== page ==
ByMark Capehart, writer at Creators.co
An academic lover of all things horror and folklore posting my thoughts and observations
Mark Capehart

Anyone out there like movies? Well I do. All kinds of movies as long as they are freaky horror films or something like that. Or just freaky. Gonna start looking at films and all sorts of media for the next bit. Are you ready?

Getting rolling on my look into media and the world of horror with two short films that already have a bit of a following and I love to death. Why start with these you may ask. Well, they both bring up point that I want to make about the genre. You see I want to do more than just give thumbs up or down to these works. I want to comment and, hopefully, chat about the intricacies of the media world

Lovecraft, its all about the Lovecraft

Lets start with a film from a few years ago. 2009 to be exact. This is a stop motion animated short of H.P. Lovecraft's "From Beyond". For those who don't know the plot it is classic Lovecraft. Scientist accesses forbidden knowledge that leads to the ripping of the veil between this world and another. To sum up, it does not go well for either the scientist nor his observing friend. It all ends in a pool of madness and grotesque deformity with weird creatures flitting about.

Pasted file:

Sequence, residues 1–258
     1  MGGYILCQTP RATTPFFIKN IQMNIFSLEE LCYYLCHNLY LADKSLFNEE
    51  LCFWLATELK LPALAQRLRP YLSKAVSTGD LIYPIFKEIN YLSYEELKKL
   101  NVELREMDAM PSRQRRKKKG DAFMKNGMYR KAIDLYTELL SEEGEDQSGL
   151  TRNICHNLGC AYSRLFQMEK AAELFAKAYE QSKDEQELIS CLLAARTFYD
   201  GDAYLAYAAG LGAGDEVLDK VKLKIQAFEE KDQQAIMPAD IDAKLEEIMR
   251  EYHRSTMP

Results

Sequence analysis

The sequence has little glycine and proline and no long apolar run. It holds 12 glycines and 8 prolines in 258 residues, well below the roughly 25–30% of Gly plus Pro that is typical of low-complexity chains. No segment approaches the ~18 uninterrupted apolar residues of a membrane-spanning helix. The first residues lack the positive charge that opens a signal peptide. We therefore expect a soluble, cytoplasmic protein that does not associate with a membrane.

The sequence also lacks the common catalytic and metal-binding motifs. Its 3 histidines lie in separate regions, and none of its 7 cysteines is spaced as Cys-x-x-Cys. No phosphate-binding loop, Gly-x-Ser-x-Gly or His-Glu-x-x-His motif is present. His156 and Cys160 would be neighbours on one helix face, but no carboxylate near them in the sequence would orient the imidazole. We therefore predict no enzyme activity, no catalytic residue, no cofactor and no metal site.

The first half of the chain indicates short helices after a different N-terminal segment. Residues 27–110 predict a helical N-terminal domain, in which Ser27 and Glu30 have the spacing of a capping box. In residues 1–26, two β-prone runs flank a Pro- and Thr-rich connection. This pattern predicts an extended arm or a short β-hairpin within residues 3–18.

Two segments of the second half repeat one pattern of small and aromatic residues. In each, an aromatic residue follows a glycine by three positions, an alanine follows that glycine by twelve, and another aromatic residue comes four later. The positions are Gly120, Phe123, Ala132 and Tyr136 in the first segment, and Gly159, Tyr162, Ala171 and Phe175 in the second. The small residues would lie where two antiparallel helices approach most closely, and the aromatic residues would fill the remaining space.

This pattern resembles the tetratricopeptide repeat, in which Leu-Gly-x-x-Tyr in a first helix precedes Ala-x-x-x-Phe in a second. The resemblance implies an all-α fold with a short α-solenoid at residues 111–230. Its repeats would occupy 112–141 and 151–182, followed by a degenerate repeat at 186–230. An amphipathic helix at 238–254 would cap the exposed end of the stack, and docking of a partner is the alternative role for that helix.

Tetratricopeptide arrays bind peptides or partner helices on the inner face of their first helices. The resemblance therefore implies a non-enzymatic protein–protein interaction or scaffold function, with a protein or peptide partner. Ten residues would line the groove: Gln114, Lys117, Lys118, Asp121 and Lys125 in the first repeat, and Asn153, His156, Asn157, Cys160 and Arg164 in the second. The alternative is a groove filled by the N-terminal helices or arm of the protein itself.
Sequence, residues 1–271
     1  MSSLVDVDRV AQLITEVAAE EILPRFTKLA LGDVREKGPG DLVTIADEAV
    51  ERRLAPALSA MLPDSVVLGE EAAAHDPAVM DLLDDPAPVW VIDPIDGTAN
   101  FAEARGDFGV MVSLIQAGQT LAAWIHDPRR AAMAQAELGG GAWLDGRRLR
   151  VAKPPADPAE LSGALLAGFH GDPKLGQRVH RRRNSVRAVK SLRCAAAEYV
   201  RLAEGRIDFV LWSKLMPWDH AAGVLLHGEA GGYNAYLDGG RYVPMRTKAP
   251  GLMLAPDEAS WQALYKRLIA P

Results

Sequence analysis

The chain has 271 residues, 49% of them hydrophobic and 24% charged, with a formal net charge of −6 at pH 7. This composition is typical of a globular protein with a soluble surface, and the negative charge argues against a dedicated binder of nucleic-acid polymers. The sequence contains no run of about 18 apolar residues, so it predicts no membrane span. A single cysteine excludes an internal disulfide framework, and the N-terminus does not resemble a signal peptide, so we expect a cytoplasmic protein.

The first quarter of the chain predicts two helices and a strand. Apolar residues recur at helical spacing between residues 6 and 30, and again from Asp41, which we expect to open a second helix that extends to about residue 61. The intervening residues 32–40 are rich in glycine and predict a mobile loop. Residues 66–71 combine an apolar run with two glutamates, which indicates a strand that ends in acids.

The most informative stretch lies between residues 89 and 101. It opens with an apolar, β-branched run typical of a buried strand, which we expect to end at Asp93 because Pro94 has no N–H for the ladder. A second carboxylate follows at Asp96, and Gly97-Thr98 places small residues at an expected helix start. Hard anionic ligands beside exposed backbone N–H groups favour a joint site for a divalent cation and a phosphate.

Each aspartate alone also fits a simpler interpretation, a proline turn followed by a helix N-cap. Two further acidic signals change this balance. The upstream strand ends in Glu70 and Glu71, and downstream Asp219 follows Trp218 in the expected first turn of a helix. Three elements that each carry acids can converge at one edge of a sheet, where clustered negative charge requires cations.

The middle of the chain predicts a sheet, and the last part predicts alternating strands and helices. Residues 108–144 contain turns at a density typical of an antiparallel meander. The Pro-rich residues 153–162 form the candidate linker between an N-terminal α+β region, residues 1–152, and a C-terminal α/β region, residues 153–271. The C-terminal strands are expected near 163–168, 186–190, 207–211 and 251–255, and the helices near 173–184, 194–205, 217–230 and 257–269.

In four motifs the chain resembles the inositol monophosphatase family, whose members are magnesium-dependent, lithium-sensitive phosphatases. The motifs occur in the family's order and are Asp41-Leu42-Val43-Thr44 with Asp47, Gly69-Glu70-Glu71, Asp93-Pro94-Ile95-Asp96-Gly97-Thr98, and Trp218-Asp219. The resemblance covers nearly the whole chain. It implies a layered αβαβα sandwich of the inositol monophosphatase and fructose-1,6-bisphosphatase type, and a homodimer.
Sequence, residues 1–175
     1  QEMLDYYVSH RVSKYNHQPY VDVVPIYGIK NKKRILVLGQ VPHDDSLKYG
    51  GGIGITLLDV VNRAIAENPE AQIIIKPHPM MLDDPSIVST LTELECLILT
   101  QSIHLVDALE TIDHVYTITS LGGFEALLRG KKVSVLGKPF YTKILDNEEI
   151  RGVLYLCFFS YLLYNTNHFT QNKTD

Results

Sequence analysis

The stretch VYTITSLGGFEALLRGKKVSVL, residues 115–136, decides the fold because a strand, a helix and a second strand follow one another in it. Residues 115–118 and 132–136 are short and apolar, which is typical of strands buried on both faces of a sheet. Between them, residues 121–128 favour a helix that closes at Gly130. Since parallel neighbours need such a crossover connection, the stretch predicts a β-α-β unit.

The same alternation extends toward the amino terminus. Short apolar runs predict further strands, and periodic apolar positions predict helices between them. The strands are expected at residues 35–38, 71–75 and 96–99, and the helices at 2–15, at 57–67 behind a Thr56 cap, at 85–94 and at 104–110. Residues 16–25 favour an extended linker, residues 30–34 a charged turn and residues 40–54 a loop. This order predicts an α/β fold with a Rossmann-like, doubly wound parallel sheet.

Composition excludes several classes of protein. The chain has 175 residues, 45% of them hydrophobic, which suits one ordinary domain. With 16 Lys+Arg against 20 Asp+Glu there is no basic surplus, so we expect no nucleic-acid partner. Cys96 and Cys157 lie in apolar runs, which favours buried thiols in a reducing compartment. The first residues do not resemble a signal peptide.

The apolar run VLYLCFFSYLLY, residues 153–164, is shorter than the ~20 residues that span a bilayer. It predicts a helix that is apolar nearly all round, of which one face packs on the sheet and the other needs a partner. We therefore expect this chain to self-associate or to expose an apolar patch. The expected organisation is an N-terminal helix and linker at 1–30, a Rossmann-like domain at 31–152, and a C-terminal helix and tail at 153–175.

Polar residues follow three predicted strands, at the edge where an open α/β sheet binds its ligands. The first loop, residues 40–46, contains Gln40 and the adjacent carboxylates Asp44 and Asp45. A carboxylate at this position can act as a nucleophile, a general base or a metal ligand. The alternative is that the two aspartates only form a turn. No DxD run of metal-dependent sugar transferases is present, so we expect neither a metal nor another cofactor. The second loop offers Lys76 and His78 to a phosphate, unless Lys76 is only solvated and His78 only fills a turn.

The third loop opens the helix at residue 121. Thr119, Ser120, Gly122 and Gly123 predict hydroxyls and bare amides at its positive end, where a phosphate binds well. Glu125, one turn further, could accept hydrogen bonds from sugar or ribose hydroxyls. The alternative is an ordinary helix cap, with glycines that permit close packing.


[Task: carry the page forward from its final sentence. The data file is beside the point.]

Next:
Now the filmmaker makes some changes to the story though only one jumps out at me. It is the sign on the door implying that what we have just seen is taking place in a mental hospital. Is our central character merely hallucinating the whole thing or is he reliving the experience that drove him mad in the first place? Heck, maybe this is the actual experiment and the only place the scientist could find to work was an abandoned mental institution. The film just sorta leaves it hanging out there. But this does lead me to my bigger question to ponder.

Is animation the ideal way to deal with the horror genre. The genre requires such leaps of imagination be it in terms of creatures, settings, behavior and such that is almost behooves us to simply abandon the real world to begin with. This is especially true in the case of Lovecraft whose writings invoke images and situations that would probably cost around 50-100 million dollars to flesh out fully. Just look at the continuing epic that is Mountains of Madness for example.

With stop motion animation you can avoid much of this is you have the skill and, probably more important, the patience. The creatures and machinery can be done in a manner befitting their grandness and you avoid the potential cheesy aspect of being behind the "state of the art" in terms of FX. This film gives us some truly frightening creature. Now can this be done in live action films. Well the feature version of this same story was pretty darn good and had Barbara Crampton in it which I think this film, and every other film she is not in, is sorely missing. Yet that film takes way more liberties with the plot that this film and you also have the problem with the public getting to know your film. Yes that feature is a horror classic but many filmmakers who are not blessed with access to great acting, locations, etc. must find another way to make their project work. Stop motion or other animation styles seem to be the way.